05 Apr Masters notebook: Sergio Garcia serving Spanish dishes and wife Angela’s cake at Champions Dinner
Defending Masters champion Sergio Garcia, left, greets Nicholas Gross, of Downington, Pa., after Gross’ putt on the 18th green to win his age group putting championship during the Drive, Chip & Putt Championship at Augusta National Golf Club on Sunday, April 1, 2018.
AUGUSTA, Ga. — Defending Masters champion Sergio Garcia tweeted a picture Tuesday of the menu he chose for Tuesday night’s Masters Club Dinner, commonly known as the Champions Dinner, in the clubhouse at Augusta National Golf Club. Only the former winners and the Masters and Augusta National chairman, Fred Ridley, are allowed to attend.
Garcia is serving an international salad (ingredients paying homage to the Masters’ international champions), Spanish lobster rice and his wife Angela’s Tres Leches Cake. Dinner attendees are given the option of ordering steak, chicken or fish off the club’s menu.
Angela Akins Garcia, who married Garcia in July in her native Texas, is the cousin of Saints quarterback Drew Brees. She gave birth March 14 to the couple’s first child, Azalea Adele Garcia. The baby’s first name is the same as at Augusta National Golf Club’s 13th hole, where Sergio avoided disaster after hitting his drive into the trees during the 2017 tournament’s final round.
"We got engaged New Year’s Eve 2016 to 2017 and in the year before we came to Augusta, we were talking about kids and names and how many and things like that, and out of the blue she (Angela) came up with the idea," Garcia said Tuesday. "She said, ‘So if it works out, timing wise and place and stuff, why don’t we name our first kid regarding where you win your first major?’ And I was like, well, that’s a great idea.
"So we started looking at different names from here that related to Augusta, obviously looked at Georgia, we looked at Magnolia, Holly, different ones, but we really liked Azalea, for different reasons. First of all, because we thought it was a very pretty name. You write it the same way in English and in Spanish, which is great, and also because of it’s the hole that kind of turned things around on the final round and kind of got me going to be able to win the Masters last year.
"So it’s just one of those nice stories that we’ll be able to tell her when she grows up a little bit."
‘Now, Warren Morris’
Sean McDonough has called a lot of incredible moments in his long broadcasting career: Joe Carter’s home run to win the 1993 World Series, the fumbled punt ending of the 2015 Michigan State-Michigan game, and the six-overtime Syracuse-Connecticut game in the 2009 Big East Tournament.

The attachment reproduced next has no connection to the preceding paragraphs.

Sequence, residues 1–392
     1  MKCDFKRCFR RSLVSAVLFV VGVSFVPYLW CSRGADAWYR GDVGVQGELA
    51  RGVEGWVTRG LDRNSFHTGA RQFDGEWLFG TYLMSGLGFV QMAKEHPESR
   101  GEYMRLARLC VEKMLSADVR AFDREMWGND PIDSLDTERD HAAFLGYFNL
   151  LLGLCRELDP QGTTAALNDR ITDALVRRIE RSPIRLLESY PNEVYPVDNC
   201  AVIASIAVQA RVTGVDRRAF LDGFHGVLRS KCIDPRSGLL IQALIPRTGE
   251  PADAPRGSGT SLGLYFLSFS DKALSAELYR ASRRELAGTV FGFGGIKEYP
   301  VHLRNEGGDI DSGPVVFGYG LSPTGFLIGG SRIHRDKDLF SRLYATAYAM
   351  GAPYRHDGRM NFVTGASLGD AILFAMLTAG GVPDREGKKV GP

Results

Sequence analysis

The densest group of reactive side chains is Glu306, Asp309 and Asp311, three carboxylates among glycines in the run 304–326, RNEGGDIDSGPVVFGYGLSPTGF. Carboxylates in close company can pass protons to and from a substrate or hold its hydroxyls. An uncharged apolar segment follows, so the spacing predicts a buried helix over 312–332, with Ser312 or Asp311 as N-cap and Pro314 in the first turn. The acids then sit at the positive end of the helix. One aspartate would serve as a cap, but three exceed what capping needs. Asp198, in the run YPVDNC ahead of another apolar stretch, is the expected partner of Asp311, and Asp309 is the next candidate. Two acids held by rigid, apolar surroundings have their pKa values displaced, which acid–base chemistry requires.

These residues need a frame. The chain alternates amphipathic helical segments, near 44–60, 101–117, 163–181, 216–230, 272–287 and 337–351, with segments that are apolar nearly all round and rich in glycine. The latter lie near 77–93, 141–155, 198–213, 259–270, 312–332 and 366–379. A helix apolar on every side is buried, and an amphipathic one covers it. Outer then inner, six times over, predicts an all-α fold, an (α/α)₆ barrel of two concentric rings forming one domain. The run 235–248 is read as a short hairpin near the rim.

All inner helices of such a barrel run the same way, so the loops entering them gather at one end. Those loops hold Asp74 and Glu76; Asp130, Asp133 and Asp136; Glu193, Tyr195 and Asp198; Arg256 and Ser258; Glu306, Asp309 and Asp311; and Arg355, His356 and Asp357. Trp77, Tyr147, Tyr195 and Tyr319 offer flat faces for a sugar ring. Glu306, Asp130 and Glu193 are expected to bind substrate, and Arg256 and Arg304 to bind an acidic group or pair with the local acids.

But McDonough, who will host Wednesday’s Par-3 Contest telecast for ESPN (2 p.m. CDT) said Warren Morris’ home run that won the 1996 College World Series for LSU ranks up there with any of them.
“People ask me what’s the most exciting finish you’ve called,” McDonough said. “That one is always high on the list.”
McDonough said he remembers LSU coach Skip Bertman telling the CBS crew calling the game that Morris was “a great hitter” but had broken a bone in his hand, robbing him of his power.
All McDonough had time to say was “Now, Warren Morris” before Morris belted the first pitch from Miami reliever Robbie Morrison.
“So when he turned and hit a screaming line drive down the right-field line, I think it added to the surprise in the call,” said McDonough, who also called four Masters for CBS from 1996-99. “It was surprising, tremendous ending.”
Speaking of the Par-3
The 2017 Par-3 Contest was washed out by rain, the first time that has happened since the event began in 1960. The forecast for Wednesday is also threatening, with a 60 percent chance of rain in the morning.
The weather is expected to clear up Thursday and Friday with temperatures in the 60s and 70s before a 60 percent chance of rain comes back into the forecast Saturday afternoon. Cool breezy conditions are forecast Sunday.
The lady is a champ
The steep slopes and slick, dewy grass Tuesday morning at Augusta National were enough to challenge even the able-bodied to stay upright. Baton Rouge resident Ann Hartman was trying to negotiate the property with a walker and a big brace on her left knee after suffering a bruised MCL while skiing last month in Steamboat Springs, Colorado.
Hartman’s doctor advised her to stay home and rest. But the prospect of her first visit to the Masters — care of four practice round tickets her husband Charlie won in the tournament’s annual lottery — vetoed that suggestion.
“I just wasn’t going to miss it,” Hartman said, as she pulled out her binoculars to get a better look at Tiger Woods and Phil Mickelson playing the par-5 13th.
Ann and Charlie Hartman, who was making his third Masters visit, were accompanied by their daughter Cara and her husband Bryan O’Leary. His sister is former Episcopal standout and U.S. Olympic rower Megan O’Leary.